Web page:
Conflict Explored while Character Reactions Developed: Larry has been telling Balki who is spending his first Christmas away from his family in Mypos that traditions change.  However, when he learns that he is unable to get his Christmas wish and spend his Christmas with his family, he turns characteristically mopey and cynical.  Balki is the one who tries to make Christmas happen: complete with Charlie Brown Christmas tree, food secured from the only open store (a Jewish deli ) and Christmas lights, while dressed as Santa Claus.

Resolution:(and, in the propensity of 90s sitcoms of this ilk, a collective awwww from the audience) with a lesson learned and a person or theme or plot-point  redeemed: Larry and Balki exchange meaningful Christmas gifts and Larry's heart is changed when Balki presents him with a home-made quilt. They hug and feel the Christmas spirit, no longer lonely or angry but happy for the family and joy they find in their circumstance.

Easy, right?  Every chapter I write should be the same: intro to conflict of the chapter: whether on a large scale or a small situational scale, the development of this conflict, and the resolution which, in a novel should serve some purpose to either portentously inspire the reader to want to know more, develop character or serve as some finality to a recurring thread.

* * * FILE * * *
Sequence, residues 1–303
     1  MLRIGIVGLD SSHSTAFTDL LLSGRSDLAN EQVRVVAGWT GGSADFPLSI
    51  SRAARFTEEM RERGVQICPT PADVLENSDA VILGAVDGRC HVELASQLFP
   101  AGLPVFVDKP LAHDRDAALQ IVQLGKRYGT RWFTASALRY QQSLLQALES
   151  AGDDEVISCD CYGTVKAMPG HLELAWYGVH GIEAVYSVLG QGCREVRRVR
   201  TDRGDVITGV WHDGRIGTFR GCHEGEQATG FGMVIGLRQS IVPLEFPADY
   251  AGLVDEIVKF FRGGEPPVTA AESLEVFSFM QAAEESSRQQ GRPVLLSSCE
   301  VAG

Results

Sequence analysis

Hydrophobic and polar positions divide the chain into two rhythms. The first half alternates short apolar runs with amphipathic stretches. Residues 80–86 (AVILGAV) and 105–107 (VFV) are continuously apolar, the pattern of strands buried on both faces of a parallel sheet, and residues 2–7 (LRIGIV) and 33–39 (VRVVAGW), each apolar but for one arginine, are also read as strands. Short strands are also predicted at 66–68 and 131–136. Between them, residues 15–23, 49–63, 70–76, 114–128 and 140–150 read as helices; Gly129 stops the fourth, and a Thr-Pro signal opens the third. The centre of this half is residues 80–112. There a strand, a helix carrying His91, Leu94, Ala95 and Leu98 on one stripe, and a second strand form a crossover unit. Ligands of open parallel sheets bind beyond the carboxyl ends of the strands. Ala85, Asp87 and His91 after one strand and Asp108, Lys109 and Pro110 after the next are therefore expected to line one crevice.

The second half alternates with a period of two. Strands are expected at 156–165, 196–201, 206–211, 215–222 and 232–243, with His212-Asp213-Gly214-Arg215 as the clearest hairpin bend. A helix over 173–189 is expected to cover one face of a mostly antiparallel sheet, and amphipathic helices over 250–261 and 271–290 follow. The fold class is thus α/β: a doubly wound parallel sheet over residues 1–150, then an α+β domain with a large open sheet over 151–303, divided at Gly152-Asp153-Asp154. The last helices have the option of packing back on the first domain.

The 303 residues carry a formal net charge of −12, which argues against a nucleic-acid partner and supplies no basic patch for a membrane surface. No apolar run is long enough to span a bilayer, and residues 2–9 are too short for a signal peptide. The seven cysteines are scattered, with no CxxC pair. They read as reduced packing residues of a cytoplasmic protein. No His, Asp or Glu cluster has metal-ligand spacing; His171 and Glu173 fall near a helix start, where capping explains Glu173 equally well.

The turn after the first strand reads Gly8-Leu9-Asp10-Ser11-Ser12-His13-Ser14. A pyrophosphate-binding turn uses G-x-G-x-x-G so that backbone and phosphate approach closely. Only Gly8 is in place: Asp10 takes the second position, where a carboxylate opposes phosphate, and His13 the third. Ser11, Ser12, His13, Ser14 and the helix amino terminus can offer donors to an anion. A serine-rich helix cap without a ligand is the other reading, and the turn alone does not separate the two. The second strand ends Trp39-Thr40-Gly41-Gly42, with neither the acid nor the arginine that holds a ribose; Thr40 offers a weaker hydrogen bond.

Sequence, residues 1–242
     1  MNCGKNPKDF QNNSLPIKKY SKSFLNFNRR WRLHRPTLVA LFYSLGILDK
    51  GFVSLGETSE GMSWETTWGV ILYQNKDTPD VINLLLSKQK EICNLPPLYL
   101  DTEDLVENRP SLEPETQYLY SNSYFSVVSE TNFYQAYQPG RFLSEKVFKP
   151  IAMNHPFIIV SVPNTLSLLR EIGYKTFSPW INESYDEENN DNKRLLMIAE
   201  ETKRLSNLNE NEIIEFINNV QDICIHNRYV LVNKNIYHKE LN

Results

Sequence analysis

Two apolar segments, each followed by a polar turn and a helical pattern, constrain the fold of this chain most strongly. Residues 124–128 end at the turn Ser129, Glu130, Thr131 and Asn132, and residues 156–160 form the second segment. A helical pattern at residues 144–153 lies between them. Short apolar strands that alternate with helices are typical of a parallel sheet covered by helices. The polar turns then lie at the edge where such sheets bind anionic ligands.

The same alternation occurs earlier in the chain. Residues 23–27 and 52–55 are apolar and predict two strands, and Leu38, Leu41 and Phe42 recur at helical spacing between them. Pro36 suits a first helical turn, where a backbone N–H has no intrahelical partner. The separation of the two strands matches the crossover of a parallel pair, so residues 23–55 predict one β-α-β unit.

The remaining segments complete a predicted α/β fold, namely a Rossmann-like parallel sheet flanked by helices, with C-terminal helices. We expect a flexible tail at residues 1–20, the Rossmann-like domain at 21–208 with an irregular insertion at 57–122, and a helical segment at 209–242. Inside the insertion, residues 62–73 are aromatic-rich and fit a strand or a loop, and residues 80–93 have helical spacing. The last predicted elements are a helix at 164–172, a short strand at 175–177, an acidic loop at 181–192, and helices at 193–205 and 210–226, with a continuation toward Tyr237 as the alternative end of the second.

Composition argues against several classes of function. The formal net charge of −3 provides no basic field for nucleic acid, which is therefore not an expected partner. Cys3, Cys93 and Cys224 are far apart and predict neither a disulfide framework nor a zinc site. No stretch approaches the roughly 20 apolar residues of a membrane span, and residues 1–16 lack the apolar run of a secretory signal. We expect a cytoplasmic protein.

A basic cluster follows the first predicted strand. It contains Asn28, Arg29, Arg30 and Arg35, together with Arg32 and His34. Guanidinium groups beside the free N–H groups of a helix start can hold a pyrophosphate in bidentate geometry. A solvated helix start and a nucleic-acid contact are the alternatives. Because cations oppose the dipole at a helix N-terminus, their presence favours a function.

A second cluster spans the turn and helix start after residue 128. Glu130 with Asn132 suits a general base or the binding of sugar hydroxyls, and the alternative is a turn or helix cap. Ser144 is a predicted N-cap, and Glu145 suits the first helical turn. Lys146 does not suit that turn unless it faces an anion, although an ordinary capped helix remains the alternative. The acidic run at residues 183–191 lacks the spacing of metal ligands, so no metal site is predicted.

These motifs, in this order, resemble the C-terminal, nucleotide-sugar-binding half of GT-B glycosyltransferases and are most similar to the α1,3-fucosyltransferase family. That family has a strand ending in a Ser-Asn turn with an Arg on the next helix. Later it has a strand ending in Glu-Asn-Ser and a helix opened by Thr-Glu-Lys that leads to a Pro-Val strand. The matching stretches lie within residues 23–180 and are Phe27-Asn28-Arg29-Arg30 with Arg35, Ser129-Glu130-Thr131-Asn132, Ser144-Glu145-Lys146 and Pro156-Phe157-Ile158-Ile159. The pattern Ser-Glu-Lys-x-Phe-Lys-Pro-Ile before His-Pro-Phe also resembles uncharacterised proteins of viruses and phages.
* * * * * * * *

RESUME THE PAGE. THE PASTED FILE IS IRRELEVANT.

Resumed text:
Beyond Structure, Perfect Strangers did well at keeping the feel for the world it creates in tact.   It may not be rocket science, but it knows its characters and its world pretty well. The confidence was, for me, striking.

What do we learn?

Own your Mythos and work with it: Balki is from a mythical island named Mypos which is chock full of customs singular to the Perfect Strangers world.  He has his own traditions and culture such as a Christmas turtle and roasting radishes on a fire. Absurd, yes;but the show owns this absurdity and is confident enough in its ridiculousness that Balki's sincerity makes it plausible.   If you are confident in the fictional world you create, readers cannot help but fall into the trap you have set for them and, in turn, believe every word you say.